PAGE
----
Scott Karim on playing Brave New World's Helmholtz

Scott Karim on playing Brave New World's Helmholtz

27 November 2015

by Andrew Young

Scott Karim talks about his role in Brave New World and shares his experience of working on his first touring production. 

Scott Karim as Helmholtz How would you describe your character?
I mostly play Helmholtz Watson but also a smaller part as Alex, who is a feely star in our world. In the world in which Brave New World is set, feelies are film like events requiring people to wear equipment. They’re a little bit like a high-tech virtual reality, but they tap into your feelings as well as what you see.  People go to the feelies for full body experiences that are often a little bit dangerous and a little bit raunchy.  Alex is a star in that world, somewhat similar to an actor or movie star in the present day.

As well as that, the bigger part I play is Helmholtz – a feely writer and an Emotional Engineer. As a feely writer, he creates those same feelies someone like Alex would be in. Being an Emotional Engineer is sort of like being an Advertising Executive, but with a concentration on propaganda for the World State. The World State is this seemingly beautiful future that everybody’s living in, but it’s very manufactured and people are conditioned and raised in a set way.

 

In rehearsals, did you add any bits of backstory to your characters?
It’s important to think in some plays such as this, you’re in a play that’s with as many different locations and so many things going on. You’re often having ideas about how you might want to do something, but because there’s the novel and things are so open to interpretation, it’s important where we could to try and reach some sort of consensus whereby we can say ‘we’re going to go in this direction’.

 

Do you find the details that you flesh out stay consistent through each show or do you find that sometimes you might one week play it one way and another week another?
There are so many things that have to work quickly because it’s such a big show that it's likely some things have changed. You get to a place where it works so that you can put the show on, and then you revisit it and think actually ‘not only could it work, but there could be other elements to it’.

It’s funny because sometimes that bit that you thought was quite simple actually shows up to have little bits in it that can be elaborated on. The most obvious way to look at something is that it’s a very straightforward way of letting people know what’s happening in a scene, but then you start to realise it has a comic side or another element to it. It’s great because that can help keep you interested in terms of being able to play that scene for the fiftieth time but it might help the story too.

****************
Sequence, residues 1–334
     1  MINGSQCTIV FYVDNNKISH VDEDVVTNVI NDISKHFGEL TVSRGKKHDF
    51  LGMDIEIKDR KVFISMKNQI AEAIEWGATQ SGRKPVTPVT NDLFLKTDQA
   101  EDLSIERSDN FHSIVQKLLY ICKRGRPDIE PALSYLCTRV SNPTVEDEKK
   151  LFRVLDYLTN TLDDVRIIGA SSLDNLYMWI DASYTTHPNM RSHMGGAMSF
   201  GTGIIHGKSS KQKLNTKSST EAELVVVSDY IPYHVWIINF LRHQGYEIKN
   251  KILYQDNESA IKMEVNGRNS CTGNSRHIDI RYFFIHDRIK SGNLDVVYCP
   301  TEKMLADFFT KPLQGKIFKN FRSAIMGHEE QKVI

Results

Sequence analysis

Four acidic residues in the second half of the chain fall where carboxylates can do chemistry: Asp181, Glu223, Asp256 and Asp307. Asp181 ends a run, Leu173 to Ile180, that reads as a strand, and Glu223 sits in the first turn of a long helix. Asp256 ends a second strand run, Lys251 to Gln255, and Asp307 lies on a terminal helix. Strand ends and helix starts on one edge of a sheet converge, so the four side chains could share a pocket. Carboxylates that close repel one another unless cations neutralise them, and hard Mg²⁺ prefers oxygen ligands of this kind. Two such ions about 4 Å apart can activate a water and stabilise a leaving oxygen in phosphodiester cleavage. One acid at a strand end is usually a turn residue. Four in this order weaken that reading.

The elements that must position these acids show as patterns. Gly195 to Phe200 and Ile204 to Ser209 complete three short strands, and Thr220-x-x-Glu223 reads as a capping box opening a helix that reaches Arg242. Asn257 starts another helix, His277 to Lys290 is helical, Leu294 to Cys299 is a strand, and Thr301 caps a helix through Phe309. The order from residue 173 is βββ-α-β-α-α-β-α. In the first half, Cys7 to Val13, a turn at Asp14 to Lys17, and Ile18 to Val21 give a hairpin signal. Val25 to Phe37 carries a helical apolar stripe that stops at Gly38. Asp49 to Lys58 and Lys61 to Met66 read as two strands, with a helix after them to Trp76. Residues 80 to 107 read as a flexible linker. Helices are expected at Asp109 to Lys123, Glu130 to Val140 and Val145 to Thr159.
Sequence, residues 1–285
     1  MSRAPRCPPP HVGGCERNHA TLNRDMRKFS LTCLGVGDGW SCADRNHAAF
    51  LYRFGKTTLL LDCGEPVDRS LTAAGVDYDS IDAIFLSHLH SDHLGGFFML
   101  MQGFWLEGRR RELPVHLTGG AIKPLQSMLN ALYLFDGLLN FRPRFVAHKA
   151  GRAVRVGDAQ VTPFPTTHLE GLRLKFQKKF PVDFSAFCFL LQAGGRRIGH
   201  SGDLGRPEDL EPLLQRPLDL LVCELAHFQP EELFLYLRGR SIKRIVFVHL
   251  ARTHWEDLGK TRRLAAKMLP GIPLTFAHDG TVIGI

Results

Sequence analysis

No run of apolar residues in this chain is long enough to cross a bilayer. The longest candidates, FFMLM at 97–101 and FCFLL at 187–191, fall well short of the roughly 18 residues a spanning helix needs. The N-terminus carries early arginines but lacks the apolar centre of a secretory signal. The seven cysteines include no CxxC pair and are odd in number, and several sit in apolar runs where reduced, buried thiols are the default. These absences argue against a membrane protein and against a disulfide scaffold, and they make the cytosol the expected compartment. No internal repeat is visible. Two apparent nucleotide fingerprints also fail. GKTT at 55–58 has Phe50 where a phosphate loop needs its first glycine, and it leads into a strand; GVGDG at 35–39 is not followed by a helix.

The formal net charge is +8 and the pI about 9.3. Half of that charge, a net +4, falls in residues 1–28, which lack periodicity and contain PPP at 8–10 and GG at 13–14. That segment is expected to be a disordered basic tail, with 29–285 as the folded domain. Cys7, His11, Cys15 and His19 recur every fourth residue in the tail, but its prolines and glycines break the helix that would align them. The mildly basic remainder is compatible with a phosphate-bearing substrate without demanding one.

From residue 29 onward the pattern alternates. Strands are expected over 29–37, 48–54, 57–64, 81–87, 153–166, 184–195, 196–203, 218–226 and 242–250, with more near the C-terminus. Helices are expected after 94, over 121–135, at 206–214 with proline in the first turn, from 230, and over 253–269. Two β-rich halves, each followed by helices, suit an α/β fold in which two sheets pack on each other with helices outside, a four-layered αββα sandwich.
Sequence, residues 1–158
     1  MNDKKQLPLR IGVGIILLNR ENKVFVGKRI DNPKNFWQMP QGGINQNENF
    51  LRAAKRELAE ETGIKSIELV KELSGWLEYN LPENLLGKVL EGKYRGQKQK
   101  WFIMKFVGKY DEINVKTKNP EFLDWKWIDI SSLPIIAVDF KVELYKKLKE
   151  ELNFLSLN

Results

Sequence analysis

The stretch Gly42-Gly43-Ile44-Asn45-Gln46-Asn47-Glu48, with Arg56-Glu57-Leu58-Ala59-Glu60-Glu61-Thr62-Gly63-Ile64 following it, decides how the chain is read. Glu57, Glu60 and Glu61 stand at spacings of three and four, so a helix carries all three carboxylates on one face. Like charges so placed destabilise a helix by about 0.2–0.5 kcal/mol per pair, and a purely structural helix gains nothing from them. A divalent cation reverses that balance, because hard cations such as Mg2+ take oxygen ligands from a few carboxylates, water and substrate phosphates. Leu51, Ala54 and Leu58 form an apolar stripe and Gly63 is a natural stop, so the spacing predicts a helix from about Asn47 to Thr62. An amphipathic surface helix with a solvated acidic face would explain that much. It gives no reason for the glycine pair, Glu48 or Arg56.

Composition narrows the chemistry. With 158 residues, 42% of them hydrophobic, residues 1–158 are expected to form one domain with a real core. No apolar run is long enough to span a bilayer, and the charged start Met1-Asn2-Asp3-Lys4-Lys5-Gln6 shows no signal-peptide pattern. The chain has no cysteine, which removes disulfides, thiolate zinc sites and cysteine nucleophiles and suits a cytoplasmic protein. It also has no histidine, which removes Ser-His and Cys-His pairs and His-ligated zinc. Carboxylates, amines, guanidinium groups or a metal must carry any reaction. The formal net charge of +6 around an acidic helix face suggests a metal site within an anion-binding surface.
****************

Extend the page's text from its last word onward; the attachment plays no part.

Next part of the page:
How have you found touring to different theatres, is there anything that helps you adjust to that?
This is the first tour I’ve ever been on. The first touring city was Edinburgh and that night was my first experience of arriving early afternoon, rehearsing in a new space and doing a show in the evening.

There were lots of things which we had to adjust to, you could take that space that used to be a metre wide in Northampton, is now less than a third of a metre wide and we can’t fit those things on that we used to fit there. So one of the things about this tour has been having faith in the company and the crew around you and that you will figure some things out as you go along. It sounds reckless but there are inevitabilities to the fact that you’re constantly moving the show. When you get to these grand old theatres, the crew do an amazing job because there’s a lot going on technically. I get so disorientated sometimes, I find myself in some theatres and going to walk up steps, only to suddenly turn around the corner and think ‘I’m leading the wrong way’.

You get used to thinking on your feet more which is probably a better place for an actor to be. It’s actually been a lesson that I’ve learnt and taken from this. I’ve done long runs in a single theatre before, and I hope that it was never to the point of it affecting the performance in a negative way, but you get a confidence in the fact you know things.

There’s ways that theatre feel when you’re stood on the stage and the way that acoustics, sight lines partly, but it’s also just the way that a theatre feels when you’re stood on the stage. You just have a little bit of fun playing with that intimacy.

Brave New World premieres at Royal and Derngate, Northampton, where it runs from 4 to 26 September 2015. It then tours to Edinburgh, Blackpool, Nottingham, Cheltenham, Wolverhampton, Darlington and Bradford where it concludes on 5 December.